The Funeral Cocoon


November has come and the golden-red hope of Autumn is rapidly turning to bare trees and chilly winds. It is a cold time to lay a coffin in the ground.

We sat in a small chapel at the Massachusetts Veteran’s Cemetery in Winchendon, Massachusetts.  Winchendon is the town where I was born, where I took my first breath outside the womb. Now it is the town where my dad’s earthly body is buried. The chapel at the cemetery overlooks a sloping lawn going down to graves lined up like hundreds of large dominoes, representing many families and uncountable losses.

My dad’s gray casket dominated the front of the chapel, a cascade of bright red roses on its cover. The service was short and scripted, a fitting service for a burial. I smiled at the salutes my father received from those military men in the audience. He would have loved it! Though we never saw him as a military man, his two years of service after high school afforded him a free education, a burial spot, and military salutes.

After a reception at a nearby church, a couple of us headed back to the cemetery. The dirt was fresh and a small marker indicated where the headstone will stand when it is ready. The flowers from the casket had been placed at the head of the grave. We stood silent. This was our final goodbye.

I have been wrapped in the funeral cocoon, a cocoon of safety, where you are somehow aware that this is not the time to truly grieve. It is the time for memories, family, a celebration of life, and a funeral, but it is not the time to grieve.

This funeral cocoon wraps around my mom and we marvel at her strength. But that is what the funeral cocoon does: It wraps you in grace and strength.  Within the cocoon she can meet and greet countless people, respond to the constant ‘how are you doings’, eat and converse like she has a whole body instead of a body that she is supposed to live in even though it has been sliced in two.

Anyone who has experienced the loss that death brings knows well this cocoon; a swath of strange, numb comfort that envelopes the grieving.

The time will come when tears will fall until exhaustion takes over. The time will come to sit with the grief, to let it flow with abandon. The time will come to acknowledge the soul-deep ache of loss.

But for now – the funeral cocoon is enough.

12 thoughts on “The Funeral Cocoon

  1. Dear Marilyn, I’m so sorry for the loss of your Dad. Your writings these many years shine with family love, making your loss that much greater. I pray that you, your Mom, and all your family may go gently in these early days. Remember well. Hug often. Love much.

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  2. Lovely writing. Truly resonated with my experience of loss. My mom grew up on Maple St. in Winchendon. We have many relatives buried in the same cemetery. Do you know the Ladeau brothers of Winchendon Furniture? My cousins!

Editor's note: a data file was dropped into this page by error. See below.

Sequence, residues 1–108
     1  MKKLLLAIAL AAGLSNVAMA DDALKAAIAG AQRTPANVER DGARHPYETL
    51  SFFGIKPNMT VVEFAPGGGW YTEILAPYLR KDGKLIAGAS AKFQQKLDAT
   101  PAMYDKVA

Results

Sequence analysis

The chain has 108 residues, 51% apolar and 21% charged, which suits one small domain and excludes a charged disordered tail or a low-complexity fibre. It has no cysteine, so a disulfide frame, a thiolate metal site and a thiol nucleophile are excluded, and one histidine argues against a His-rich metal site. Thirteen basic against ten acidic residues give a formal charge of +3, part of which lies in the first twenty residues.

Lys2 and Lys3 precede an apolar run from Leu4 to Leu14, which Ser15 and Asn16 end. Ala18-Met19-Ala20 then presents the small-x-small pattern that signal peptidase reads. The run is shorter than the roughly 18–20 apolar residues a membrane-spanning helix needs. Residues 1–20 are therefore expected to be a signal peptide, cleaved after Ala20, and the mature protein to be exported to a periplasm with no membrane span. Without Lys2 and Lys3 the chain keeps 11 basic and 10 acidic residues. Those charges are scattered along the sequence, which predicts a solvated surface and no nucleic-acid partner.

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    1. Thank you so much for these kind words and for coming by to read! I don’t think I know the Ladeau brothers, I lived in Winchendon for just two years of my childhood. The cemetary is absolutely beautiful isn’t it?

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  3. Uncle Ralph is gone….the man who gave us the lyrics to our school song that we and all those that have shared our history sang with such gusto , so proud to be kids from M.C.S. I don’t have any special words, I know how I felt after losing my Mom and then my Dad but I can tell you this, that your my family , not by birth but by something that seems even stronger , our shared journey and that the stories of our lives have include each other, you are in my thoughts, I love you guys.I hope you will find solace in the many memories , in each other and in the love of your family spread out across this globe holding you close in their hearts.

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  4. Marilyn the following quote says it better than I can. One does move on, but it is never the same.

    “There is nothing that can replace the absence of someone dear to us, and one should not attempt to do so.

    One must simply hold out and endure it.

    At first that sounds very hard, but at the same time it is also a great comfort.

    For to the extent the emptiness truly remains unfilled one remains connected to the
    other person through it.

    It is wrong to say that God fills the emptiness. God in no way fills it but much more
    leaves it precisely unfilled and thus helps us preserve – even in pain – the authentic
    relationship.

    Further more, the more beautiful and full the remembrances, the more difficult the
    separation.

    But gratitude transforms the torment of memory into silent joy. One bears what was lovely in the past not as a thorn but as a precious gift deep within, a hidden treasure of which one can always be certain.”

    Dietrich Bonhoeffer

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  5. And even after all that, there will be many days when you’re plodding along wondering why the resto of the world is being so normal.

    Holding you in the light of love.

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  6. Marilyn, I am so very grateful for the gift God has given you to express with words what many of us can’t. Thank you for sharing this precious gift.

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